For Tavis Smith, the realization that Portland's housing market has tipped in sellers' favor came the day he and his wife wrote their first bid on a house that had been on the market for two months -- and found out two other bids came in that same day. They've put in two more offers since, and lost in both. In one case, they increased their initial offer by $10,000, but still fell short of other bidders.
"It should be a good market to buy a home," Smith said, "but it's still very difficult."
Indeed, home prices in the Portland area have fallen by nearly one-third since their 2007 peak, and mortgage rates are at an all-time low. Prices appear to be stabilizing, so buyers are less concerned about their new purchase immediately eroding in value.
Tips for home buyers and sellers in a competitive housing market.
But while the number of monthly home sales has climbed 16 percent in the past year, the number of homes listed for sale has fallen 26 percent. The result is buyers fighting over a slim inventory, constraining sales and driving up prices.
The bidding wars started in Portland's urban core, but the tight market has spread to the suburbs.
A year ago, as prices continued their decline, there was a 6.8-month supply across the metro area. In January of last year – a seasonally slow sales month – the supply was 11.3 months.
But by May of this year, the supply of listed homes across the metro area would sell in 4.8 months. Six months is generally considered a balanced market, with anything less reflecting a market where demand outpaces supply.
Lindsay Putnam wrote her first offer on a house in February. By this week, she had written seven, including one that was $13,000 above the list price. "When I lost that house, I was shocked," she said. "I thought it was in the bag. Who offers $13,000 over asking in a recession?"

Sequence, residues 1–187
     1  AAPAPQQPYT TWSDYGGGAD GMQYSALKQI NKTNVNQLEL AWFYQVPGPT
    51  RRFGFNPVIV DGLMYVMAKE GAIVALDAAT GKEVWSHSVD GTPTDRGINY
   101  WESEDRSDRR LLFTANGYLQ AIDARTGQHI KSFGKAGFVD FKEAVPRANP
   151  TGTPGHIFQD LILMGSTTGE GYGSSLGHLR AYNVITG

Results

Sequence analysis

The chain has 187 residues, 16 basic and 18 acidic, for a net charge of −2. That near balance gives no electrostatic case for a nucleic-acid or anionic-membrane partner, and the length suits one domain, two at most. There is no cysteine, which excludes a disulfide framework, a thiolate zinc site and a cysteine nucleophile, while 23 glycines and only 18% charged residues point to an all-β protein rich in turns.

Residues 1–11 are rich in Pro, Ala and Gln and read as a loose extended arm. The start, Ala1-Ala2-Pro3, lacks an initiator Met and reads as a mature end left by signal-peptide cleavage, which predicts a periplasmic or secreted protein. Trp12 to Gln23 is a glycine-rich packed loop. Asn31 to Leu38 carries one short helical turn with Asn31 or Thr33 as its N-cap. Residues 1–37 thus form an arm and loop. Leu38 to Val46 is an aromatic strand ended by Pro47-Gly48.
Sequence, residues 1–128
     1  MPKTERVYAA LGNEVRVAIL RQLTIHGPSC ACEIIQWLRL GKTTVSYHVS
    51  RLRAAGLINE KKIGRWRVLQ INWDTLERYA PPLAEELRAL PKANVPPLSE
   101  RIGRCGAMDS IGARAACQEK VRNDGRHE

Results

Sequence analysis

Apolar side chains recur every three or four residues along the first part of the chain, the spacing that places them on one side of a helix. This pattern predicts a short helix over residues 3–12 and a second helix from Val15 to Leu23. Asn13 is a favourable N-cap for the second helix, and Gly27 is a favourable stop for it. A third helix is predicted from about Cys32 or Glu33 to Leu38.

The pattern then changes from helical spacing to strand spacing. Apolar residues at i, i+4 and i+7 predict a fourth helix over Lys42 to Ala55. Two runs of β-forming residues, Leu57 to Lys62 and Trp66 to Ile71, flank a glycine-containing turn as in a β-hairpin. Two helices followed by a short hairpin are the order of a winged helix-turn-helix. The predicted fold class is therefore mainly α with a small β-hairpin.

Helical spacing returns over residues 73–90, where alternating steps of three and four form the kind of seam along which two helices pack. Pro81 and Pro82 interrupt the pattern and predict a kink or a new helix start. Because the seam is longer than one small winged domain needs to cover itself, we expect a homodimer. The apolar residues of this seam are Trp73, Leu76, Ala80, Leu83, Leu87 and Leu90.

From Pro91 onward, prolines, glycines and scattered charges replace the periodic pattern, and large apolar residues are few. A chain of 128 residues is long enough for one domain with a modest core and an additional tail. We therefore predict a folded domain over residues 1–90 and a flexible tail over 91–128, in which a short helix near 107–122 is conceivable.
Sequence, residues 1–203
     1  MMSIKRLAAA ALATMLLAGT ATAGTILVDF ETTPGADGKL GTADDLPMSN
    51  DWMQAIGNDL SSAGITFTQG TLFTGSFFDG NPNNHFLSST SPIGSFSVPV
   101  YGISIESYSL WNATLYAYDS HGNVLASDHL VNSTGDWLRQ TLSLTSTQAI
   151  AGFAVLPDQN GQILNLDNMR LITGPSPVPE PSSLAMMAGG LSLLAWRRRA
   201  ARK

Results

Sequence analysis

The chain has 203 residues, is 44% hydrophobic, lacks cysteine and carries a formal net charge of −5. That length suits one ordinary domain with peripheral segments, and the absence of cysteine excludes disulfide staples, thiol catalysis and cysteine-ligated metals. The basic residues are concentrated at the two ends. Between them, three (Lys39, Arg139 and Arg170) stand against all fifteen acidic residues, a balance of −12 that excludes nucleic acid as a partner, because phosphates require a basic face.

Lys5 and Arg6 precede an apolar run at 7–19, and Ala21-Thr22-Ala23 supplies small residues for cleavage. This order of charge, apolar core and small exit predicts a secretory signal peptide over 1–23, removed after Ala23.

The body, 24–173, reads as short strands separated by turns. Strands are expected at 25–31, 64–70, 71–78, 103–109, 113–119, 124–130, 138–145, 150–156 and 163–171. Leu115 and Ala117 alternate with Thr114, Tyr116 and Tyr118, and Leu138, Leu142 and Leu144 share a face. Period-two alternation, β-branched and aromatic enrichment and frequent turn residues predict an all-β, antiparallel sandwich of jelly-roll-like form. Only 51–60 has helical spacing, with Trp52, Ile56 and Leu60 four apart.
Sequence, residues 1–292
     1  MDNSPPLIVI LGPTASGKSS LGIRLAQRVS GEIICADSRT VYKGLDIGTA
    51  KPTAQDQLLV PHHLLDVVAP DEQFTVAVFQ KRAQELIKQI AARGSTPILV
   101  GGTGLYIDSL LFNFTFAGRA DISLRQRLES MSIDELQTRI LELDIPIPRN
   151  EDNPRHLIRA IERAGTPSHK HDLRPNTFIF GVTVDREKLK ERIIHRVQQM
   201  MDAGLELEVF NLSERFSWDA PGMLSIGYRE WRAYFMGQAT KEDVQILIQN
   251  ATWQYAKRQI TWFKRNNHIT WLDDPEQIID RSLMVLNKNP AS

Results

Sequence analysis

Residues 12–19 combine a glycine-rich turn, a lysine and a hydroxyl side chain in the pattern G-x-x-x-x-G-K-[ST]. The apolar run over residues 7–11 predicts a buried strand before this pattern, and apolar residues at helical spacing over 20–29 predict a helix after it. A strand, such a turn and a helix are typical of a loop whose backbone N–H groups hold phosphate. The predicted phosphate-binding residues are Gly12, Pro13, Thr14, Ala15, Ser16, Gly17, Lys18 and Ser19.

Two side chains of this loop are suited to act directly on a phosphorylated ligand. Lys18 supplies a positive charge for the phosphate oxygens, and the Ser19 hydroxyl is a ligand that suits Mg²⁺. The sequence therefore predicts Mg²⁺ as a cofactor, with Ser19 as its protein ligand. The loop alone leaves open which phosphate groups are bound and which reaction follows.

When Adrienne Newman put her Southeast Portland home on the market on a Wednesday in May, she had four offers by the end of the week. Particularly on brand-new listings, buyers have to make a decision virtually on the spot.
"You don't get to call your folks or think on it overnight," said Nick Krautter of Keller Williams Realty, Newman's broker. "You have to move now. There's definitely a sense of urgency that's back in the market."
Stronger sales and higher prices should eventually bring sellers back to the market, said Tim Duy, a University of Oregon economist. But they are a little slower to react to the switch turned from a buyer's market to a seller's market.
"People had been there so long, they're shocked," he said. "We knew eventually what's going to happen is prices will drop to a point where it's attractive to buy. It just took a lot longer than I think many people anticipated."
And some will continue to wait, hoping for prices to move higher. But prices aren't expected to rebound quickly.
Short sales and foreclosure sales, though often less attractive to traditional buyers, continue to hold prices back. Those buyers willing to consider foreclosure sales typically have to compete with cash buyers.
Meanwhile, lending standards remain strict. Freddie Mac says the average credit score for mortgages backed by the government-sponsored loan giant has risen from 704 in 2007 to 758 this year, while the loan-to-value ratio – the portion of purchase price financed – has declined. That means bigger down payments, which reduces buying power and puts pressure on price growth.
Homebuilders, having largely worked through their pre-recession overbuilt inventory, have forecast growing demand. The number of new home permits issued in the Portland area this year will likely top any year since 2008. Those new homes will come to market at a higher price point -- new homes typically sell at a premium by virtue of being new -- but will increase the supply, putting downward pressure on home prices.
But the existing home inventory will be limited for a while. Some 30 percent of homeowners are locked out of the market because they are underwater on their existing mortgage -- that is, they owe more than the house is worth. That tends to limit turnover, because underwater owners are less likely to sell and buy another place.
So the limiting factor in home-sales numbers will -- for the first time in a long time -- continue to be the number of homes available, not the market's appetite for them.
Published: Thursday, June 21, 2012, 10:27 PM Updated: Friday, June 22, 2012, 9:44 AM By Elliot Njus, The Oregonian